Besides the major Linux distributions and BSDs, another free operating system that is preparing for a new release later this year is OpenSolaris. Although its adoption levels seem low and reserved mostly for developers and technology enthusiasts, the project's inaugural release in May 2008 was reasonably well received, especially from the technological point of view. Now working towards its second official release in November this year, OpenSolaris has yet to publish a comprehensive list of features for its upcoming version 2008.11, but those readers who follow the very active OpenSolaris blogs can keep up-to-date with what's happening in the world of Sun's open source operating system. If you are interested in helping to test OpenSolaris 2008.11, you have two options. One of them is to keep the installed base system current with the available tools - just beware of the caveats. The second option is to download the most recent pre-release ISO image: "osol-0811-98 ISOs, the pre-release version of OpenSolaris 2008.11, based on Nevada build 98, are now available in two flavors: osol-0811-98.iso (747MB, supports primary languages and uses gzip compression) and osol-0811-98-global.iso (661MB, supports all languages and uses LZMA compression). Please verify the checksums." Happy testing!
Still on the subject of OpenSolaris, a web site called How Software is Built has published an interesting interview with Jim Grisanzio, a senior program manager, OpenSolaris infrastructure engineering team: "From the perspective of technical advantages, we got a lot of engineering credibility for Solaris 10. There was a big upgrade between 9 and 10, with things like DTrace, Zones, and ZFS. If you ask engineers and other technical people, they would point those things out as being competitive with Linux. In terms of OpenSolaris, those things get most of the attention. ZFS probably is the most important new technology on the whole project, from an open source perspective. It's a new file system, and it has also been ported over to Mac OS. I also just read recently that there's a port started for DTrace, over to Linux. These are the bits of technology where many people would say we have competitive advantage over Linux, although some engineers will argue against that. The Linux community has a vast community and developer base, and that's what we're trying to create. That's where they're mature and we're young."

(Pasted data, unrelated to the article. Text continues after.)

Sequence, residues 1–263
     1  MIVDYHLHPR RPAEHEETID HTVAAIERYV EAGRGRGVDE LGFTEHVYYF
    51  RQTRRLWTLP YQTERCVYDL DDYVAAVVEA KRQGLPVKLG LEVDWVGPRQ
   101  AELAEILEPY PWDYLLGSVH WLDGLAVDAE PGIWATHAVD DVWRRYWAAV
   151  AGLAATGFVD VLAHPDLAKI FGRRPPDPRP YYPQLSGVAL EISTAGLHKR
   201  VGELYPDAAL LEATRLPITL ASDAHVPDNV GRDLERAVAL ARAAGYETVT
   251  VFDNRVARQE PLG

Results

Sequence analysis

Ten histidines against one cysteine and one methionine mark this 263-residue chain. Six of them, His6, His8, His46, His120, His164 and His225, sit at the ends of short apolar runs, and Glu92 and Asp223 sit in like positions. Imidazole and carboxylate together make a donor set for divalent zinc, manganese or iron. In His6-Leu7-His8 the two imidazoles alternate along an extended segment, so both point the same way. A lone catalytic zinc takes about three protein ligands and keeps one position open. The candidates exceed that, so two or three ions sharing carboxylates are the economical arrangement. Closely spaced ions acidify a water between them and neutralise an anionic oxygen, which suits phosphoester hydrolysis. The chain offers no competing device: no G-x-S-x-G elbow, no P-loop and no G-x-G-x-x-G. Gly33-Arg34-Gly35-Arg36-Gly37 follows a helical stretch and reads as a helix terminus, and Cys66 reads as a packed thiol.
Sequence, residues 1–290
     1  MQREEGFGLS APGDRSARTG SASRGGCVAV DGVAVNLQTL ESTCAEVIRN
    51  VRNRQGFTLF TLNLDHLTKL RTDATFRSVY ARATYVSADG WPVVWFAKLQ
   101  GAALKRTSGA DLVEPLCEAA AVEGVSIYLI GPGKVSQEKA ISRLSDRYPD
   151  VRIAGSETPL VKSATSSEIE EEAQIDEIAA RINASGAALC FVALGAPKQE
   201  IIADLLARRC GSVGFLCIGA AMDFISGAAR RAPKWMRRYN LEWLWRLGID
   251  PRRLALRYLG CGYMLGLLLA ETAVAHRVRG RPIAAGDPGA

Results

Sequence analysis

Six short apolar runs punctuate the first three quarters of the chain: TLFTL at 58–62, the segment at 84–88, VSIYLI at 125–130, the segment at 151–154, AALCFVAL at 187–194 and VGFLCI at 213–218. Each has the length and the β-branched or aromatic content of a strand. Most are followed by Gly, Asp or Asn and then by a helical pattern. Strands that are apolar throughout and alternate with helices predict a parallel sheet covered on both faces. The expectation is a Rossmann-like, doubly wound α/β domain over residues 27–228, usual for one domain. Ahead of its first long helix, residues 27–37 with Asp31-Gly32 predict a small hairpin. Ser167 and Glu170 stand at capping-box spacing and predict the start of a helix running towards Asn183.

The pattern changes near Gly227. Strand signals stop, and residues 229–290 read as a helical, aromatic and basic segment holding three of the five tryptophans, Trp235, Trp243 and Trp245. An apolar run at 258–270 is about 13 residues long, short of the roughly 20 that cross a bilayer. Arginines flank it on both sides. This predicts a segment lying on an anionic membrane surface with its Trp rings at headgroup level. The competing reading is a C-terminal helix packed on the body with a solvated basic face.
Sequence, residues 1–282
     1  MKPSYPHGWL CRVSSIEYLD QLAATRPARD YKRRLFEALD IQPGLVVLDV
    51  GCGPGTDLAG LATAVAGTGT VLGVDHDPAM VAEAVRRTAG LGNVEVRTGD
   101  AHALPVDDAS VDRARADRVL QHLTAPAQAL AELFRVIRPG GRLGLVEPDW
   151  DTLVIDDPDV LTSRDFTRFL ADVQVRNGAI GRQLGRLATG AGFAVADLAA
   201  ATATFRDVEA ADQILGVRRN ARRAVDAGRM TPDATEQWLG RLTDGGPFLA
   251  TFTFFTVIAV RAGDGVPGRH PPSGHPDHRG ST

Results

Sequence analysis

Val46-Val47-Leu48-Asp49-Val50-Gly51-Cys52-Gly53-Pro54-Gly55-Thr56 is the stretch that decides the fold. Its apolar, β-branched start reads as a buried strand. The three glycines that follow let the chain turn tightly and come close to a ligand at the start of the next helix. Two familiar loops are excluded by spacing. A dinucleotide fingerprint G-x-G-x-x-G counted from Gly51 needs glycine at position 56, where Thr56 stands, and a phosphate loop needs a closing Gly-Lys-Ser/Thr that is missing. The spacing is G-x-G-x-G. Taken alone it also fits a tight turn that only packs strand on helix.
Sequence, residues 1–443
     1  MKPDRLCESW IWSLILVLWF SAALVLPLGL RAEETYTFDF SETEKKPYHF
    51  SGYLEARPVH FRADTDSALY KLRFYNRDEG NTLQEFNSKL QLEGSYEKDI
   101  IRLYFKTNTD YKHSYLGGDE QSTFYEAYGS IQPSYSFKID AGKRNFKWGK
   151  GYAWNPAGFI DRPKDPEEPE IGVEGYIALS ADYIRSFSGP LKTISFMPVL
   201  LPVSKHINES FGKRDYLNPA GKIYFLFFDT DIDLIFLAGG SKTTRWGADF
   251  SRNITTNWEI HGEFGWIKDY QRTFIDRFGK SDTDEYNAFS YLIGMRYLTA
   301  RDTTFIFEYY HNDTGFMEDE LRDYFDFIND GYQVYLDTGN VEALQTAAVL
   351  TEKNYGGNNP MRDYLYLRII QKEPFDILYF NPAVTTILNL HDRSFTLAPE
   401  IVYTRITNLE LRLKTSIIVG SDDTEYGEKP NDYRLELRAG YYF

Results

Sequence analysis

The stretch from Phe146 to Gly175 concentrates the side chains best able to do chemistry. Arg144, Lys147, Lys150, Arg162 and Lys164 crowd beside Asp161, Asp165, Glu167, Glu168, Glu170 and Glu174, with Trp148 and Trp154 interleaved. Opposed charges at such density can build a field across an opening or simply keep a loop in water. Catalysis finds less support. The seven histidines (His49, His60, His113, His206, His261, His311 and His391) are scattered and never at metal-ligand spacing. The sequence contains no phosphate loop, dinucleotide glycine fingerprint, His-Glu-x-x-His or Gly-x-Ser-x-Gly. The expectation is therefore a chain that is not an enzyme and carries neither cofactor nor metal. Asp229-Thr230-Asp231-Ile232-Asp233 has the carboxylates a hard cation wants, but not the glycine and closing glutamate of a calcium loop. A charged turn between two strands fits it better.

* * * * *
Following some criticism of Red Hat for the way the company handled the the recent security breach of Fedora download servers, Paul Frields has published a Fedora intrusion update. In it, the Fedora project leader has promised a more detailed report once the investigation is completed: "As always, our team of system administrators makes incremental improvements constantly. Sometimes these improvements involve temporary outages, and such outages may occur in the future as part of normal operations. At this time, however, we believe Fedora's recovery efforts are complete. To reiterate our previous statement, we have not found any security vulnerabilities in any Fedora software as a result of our efforts. The security investigation into the intrusion is still in progress. When that investigation is completed, the Fedora Project's intention is to publish a more detailed report on the matter."
* * * * *
In the meantime, Ubuntu has gone through some rough times of negative publicity during the week. First, it was Novell's Greg Kroah-Hartman, a kernel hacker, who, in a keynote speech at last week's Linux Plumbers Conference, accused Canonical of not contributing enough to the Linux kernel: "In the past three years, from the 2.6.15 kernel to 2.6.27-rc6, Canonical has had 100 patches in the Linux kernel, which means they did 0.10068% of all of the kernel development for the past 3 years. They are ranked 79th of all companies doing kernel development." As expected, these accusations were quickly met by strong objections from the Ubuntu developer community. Matt Zimmerman in Greg Kroah-Hartman's Linux Ecosystem: "Greg considers the 'Linux ecosystem' to be GCC, Binutils, the Linux kernel, X.Org, and a handful of other projects. He disregards most of the desktop stack (including GNOME and KDE), all desktop and server applications, and most anything else that is recognizable to an end user as 'Linux'."
Next, it was the "quiet" addition of licensed media codecs and DVD playback software to the Ubuntu Store, only announced in a Canonical blog, rather than in a formal press release. But as some observed, this decision will almost certainly irk some Ubuntu fans: "It is hard to imagine that Canonical won't get a certain amount of grief for this offering, and that doesn't seem right. On the one hand, they aren't able to legally redistribute these codecs. So instead, they've opted to open an area in the storefront that makes downloading and installing purchased codecs work similarly to installing with Synaptic. ... The bittersweetness? Some will see this as another example of how proprietary formats are hopelessly broken, defy the law, and use the freely available but legally questionable codecs without a word. There are others who will be reminded (or discover for the first time) that the laws governing technology and intellectual property need revision, and rather than circumventing the law, will push for change."
* * * * *